There’s always a new one, isn’t there? No sooner have you mastered Bittman’s No-Knead Bread and played around with jars of starter for your own Sourdough than another intriguing bread recipe comes along. I discovered this one through the NZ FoodLovers Forum, found the recipe, and discovered the book that it comes from – Artisan Bread in Five Minutes a Day by Jeff Hertzberg and Zoë Francois – here.
It’s not exactly salad time yet but, when a gloriously sunny Sunday coincided with the local point-to-point races and the family coming round for a pre-race lunch, I couldn’t resist poking out an old bag of puy lentils (still working my way through two kitchen’s-worth of ingredients!) to combine with the last of our Ushiki Kuri squash.
The veggie garden is looking a little sad at this stage in the year. Just a few scraggly kale plants, as-yet-unformed purple sprouting broccoli – but we still have some leeks, when we remember to cook them! We’ve recently been having a cold snap so I’ve been making lots of soups and, one day when I happened to remember that we still had to use up the leeks in the garden and actually had some potatoes in the house, I made a version of Clothilde’s minimalist Leek and Potato Soup, which she in turn had adapted from Sophie Brissaud‘s recipe. As I was just after a stock-making session, I used chicken stock as well as water in the soup for more depth of flavour, and finished it off with dollops of ever-present yoghurt. This is very much an approximation of the recipe – I just didn’t want to get out the weighing scales!
I was on RTÉ Radio 1‘s Mooney programme yesterday talking about baking and breadmaking – if you’re interested, you can listen here (I’m on after the 4pm news!) and here are some links to recipes that I either mentioned or intended on mentioning during the show.My ever-popular Chocolate BrowniesChoc Chip Cranberry CookiesLemon & Pistachio Yoghurt CakeAnd, for those breadmakers out there, here is a recipe for a simple Brown Soda Bread and – if you’re getting more adventurous! – you could try Mark Bittman’s No Knead Bread or even experiment with some Sourdough Bread.
Due to a car battery failure, our Valentine’s treat got put on hold until Saturday night but the fondue was definitely worth waiting for. I didn’t make the traditional Gruyere/Emmental fondue but I did put together a variation of Myrtle Allen’s Ballymaloe Cheese Fondue, using local Hegarty’s Farmhouse Cheddar, a few splashes of Fern Bay Sauvignon Blanc, some garlic and parsley. We dipped cubes of sourdough bread, which had been crisped up in a hot oven, pieces of rosemary flatbread from work, dried apricots, some thinly sliced Gubbeen chorizo and salami, cutting the richness with a few cherry tomatoes, gherkins (my latest foodie love!) and a green salad from West Cork. So simple and so good – I’m a fondue convert. The following day we were around at my Clonmel Cousin’s for brunch (yummy muffins!), waxing lyrical about our new fondue set and making her pull an almost forgotten old Christmas present from the back of the cupboard. Don’t forget to use it, Ruth!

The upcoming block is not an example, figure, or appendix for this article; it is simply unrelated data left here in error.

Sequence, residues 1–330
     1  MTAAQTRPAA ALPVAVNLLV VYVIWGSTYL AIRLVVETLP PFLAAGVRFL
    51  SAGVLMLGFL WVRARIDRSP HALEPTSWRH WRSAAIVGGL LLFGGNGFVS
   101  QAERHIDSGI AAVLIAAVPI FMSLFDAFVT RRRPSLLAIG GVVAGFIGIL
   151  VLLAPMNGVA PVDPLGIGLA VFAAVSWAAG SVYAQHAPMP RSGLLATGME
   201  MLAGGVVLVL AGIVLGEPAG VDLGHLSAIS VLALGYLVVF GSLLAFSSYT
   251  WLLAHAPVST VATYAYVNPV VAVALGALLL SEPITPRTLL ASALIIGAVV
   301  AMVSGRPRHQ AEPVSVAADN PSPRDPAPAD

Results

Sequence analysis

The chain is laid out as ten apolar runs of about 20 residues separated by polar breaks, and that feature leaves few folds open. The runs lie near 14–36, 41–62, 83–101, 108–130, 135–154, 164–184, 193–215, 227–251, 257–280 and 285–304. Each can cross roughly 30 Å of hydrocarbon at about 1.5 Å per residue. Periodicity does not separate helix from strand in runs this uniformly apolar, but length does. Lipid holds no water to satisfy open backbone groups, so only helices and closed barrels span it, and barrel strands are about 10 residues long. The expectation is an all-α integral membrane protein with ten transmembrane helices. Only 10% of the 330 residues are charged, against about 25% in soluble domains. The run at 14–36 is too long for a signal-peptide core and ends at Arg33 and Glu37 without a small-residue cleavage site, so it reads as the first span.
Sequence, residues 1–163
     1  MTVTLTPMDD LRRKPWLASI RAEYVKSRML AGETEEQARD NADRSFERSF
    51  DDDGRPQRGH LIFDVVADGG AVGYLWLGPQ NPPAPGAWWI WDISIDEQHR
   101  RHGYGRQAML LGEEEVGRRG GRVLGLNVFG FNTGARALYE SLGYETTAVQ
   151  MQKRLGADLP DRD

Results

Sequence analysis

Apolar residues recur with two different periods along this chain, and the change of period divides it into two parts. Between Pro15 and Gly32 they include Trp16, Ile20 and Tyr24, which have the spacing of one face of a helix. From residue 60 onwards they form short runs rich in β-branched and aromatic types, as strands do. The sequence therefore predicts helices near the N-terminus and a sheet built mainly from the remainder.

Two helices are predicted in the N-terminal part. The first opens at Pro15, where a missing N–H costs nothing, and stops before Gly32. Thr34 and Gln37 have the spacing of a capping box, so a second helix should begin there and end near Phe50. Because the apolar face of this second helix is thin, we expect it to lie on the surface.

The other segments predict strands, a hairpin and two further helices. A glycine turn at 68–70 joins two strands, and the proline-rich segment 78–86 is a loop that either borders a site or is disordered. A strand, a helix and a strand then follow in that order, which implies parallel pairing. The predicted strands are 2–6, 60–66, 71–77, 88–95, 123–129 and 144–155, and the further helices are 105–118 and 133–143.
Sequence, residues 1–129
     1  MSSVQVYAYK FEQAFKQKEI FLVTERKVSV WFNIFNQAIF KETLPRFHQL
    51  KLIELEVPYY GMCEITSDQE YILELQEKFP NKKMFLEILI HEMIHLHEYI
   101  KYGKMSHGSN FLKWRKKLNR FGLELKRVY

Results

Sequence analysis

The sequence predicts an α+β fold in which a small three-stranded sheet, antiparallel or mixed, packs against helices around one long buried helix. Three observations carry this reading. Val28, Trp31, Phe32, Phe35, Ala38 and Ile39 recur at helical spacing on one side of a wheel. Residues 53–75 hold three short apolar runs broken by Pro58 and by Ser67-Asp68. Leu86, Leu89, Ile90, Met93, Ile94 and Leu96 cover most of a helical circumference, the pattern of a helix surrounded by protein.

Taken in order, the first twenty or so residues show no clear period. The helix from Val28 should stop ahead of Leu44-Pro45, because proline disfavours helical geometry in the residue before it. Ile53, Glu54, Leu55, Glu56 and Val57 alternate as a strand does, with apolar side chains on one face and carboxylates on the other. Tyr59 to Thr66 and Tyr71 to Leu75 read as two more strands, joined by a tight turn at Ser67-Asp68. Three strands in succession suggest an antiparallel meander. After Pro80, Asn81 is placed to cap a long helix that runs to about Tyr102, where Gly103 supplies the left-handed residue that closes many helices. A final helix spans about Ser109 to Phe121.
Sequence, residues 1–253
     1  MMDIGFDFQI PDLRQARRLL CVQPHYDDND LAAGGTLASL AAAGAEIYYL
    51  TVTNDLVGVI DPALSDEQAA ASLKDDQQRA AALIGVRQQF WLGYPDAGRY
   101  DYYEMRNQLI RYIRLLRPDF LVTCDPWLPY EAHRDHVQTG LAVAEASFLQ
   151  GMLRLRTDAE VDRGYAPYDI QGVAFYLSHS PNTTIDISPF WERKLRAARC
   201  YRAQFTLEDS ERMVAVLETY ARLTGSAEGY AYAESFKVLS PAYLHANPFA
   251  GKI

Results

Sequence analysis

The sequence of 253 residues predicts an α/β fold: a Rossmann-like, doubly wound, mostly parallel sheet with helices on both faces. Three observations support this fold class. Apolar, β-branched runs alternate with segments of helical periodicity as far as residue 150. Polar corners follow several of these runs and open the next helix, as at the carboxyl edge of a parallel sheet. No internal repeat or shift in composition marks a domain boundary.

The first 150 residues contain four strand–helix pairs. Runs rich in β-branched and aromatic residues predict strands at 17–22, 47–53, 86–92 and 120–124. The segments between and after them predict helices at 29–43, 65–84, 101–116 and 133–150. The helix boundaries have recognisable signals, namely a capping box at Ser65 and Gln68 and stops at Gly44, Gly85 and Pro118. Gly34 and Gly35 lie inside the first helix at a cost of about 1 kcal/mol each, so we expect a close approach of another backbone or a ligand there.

Happy Valentine’s Day! Be you romantic or not, there’s just no way of avoiding it. But you can make it easier on yourself. After hearing too many tales of horrendous evenings in restaurants from my waitress sister, I’ve always avoided restaurants on Valentine’s Night in favour of preparing something at home. I’m working all day today so there’s not going to be time to prepare any three course meals when I come home tonight – but I’ve got something even better.
Sunday was family dinner day. One of the advantages of living in the countryside in North Cork is getting to spend more time with my family – and getting to try out lots of new recipes on them! This time round I decided to go with something very simple – Roast Chicken with Garlic and Lemon. “That doesn’t sound like you at all,” the Little Sister said suspiciously when I was talking to her on the phone that morning. “What’s the catch?” The last time she was around we were talking about serving her rabbit from the back garden so her reserve wasn’t entirely unwarranted, although unnecessary on this occasion. A good chicken needs no disguising. I just pushed some lemon thyme under the skin on the breast, tucked a few cloves of garlic and half a lemon inside the cavity and landed it in the oven, serving it with roasted carrots and peppers (livened up with a few chillies) and potatoes. There was supposed to be a side dish of Buttered Leeks as well – our leeks, grown from a bundle of seedlings that a friendly neighbour left on the doorstep last summer, flourished in the garden all winter – but, between breakfast in bed and flat tyres we forgot to pull them.